Optical switches which afford an optical connection of a single input waveguide with a plurality of output waveguides are known in the art. Devices described in U.S. Pat. No. 4,896,935 and U.S. Pat. No. 4,834,488 to Lee operate by rotating the end portions of certain fibers to align them optically with other fibers, all the fibers (or at least their end portions to be aligned) being positioned in a common plane. U.S. Pat. No. 4,378,144 to Duck et at. proposes an arrangement wherein a faceplate comprising a number of collimating lenses along a pitch circle is attached directly to a stepping motor, the shaft of the motor being coaxial with the pitch circle. A rotatable arm with a collimating lens is attached to the shaft for rotation along the pitch circle, with a small distance therebetween, so that the lens of the arm can be optically connected with the lenses on the faceplate when the rotatable arm is moved by means of the shaft of the stepping motor. An optical input fiber is connected to the collimating lens of the arm and a plurality of optical output fibers is attached to the respective collimating lenses on the faceplate for a switching operation when the rotatable arm moves from one position to another.

While the device of Duck et at. is useful, it has certain disadvantages. Since the output fibers are arranged parallel to the axis of the stepping motor and surround the motor, and since the input fiber is rotated along the pitch circle for alignment with the output fibers, the pitch circle must have a diameter at least equal to the diameter of the stepping motor. This creates a demand for space as the face, plate has a larger diameter than the respective size of the stepping motor, and also increases the possibility of an alignment error because of a relatively large radius of the pitch circle.

An attempt to solve the above problems was made in U.S. Pat. No. 5,317,659 to Lee. The end portions of a number of optical fibers are fixed onto the conical surface of a supporting frame. The end portion of a movable fiber is rotated about the axis of a conical surface so that the end portion of the movable fiber is aligned with one of the fixed fibers.

While the device of U.S. Pat. No. 5,317,659 overcomes the problem of the size of the faceplate of Duck '144, the device itself is rather difficult to manufacture and may be prone to alignment problems.


It is an object of the present invention to provide an optical switching device which combines a relatively compact design with a high operational accuracy and reliability as well as a relative ease of manufacture.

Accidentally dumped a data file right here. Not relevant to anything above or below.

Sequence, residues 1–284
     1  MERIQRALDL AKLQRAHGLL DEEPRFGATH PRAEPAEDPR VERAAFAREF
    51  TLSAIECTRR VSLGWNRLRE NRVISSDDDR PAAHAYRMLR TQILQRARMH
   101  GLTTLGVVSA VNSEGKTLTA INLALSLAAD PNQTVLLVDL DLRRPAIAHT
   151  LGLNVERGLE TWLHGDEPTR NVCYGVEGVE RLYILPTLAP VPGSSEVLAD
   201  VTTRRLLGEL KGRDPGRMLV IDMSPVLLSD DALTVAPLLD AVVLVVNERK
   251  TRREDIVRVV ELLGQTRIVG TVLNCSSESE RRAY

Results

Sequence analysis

According to the invention, an optical switching device is provided which has a light input side and a light output side and which comprises,

a motor having a shaft,

a plurality of optical fibers on one side of the device, each fiber having a fixed end portion, the fixed end portions being located in spaced-apart predetermined positions substantially parallel to the axis of the shaft thus defining a substantially cylindrical imaginary surface the diameter of which defines a pitch circle,

an optical fiber on the other side of the device, the fiber having a movable end portion,

a means associated with the motor far moving the movable end portion of the optical fiber around an are of the pitch circle so as to reach optically connecting positions with respective fixed end portions of the optical fibers,

wherein the diameter of the pitch circle is smaller than the size of the stepping motor in a plane perpendicular to its shaft and the fixed end portions are axially spaced from the motor by a distance related to the minimum acceptable bending radius of the optical fibers on the one side of the device.

The minimum acceptable bending radius of the fibers on the one side of the device is a bending radius at which said optical fibers on the one side can bend without the risk of breaking, while not causing significant attenuation o light signal in the respective fibers, to diverge from their fixed portions and bypass the stepping motor.

Preferably, the end portions of the fibers have gradient index (GRIN) lenses which are connected to the end portions to collimate light passing from or to the respective fibers.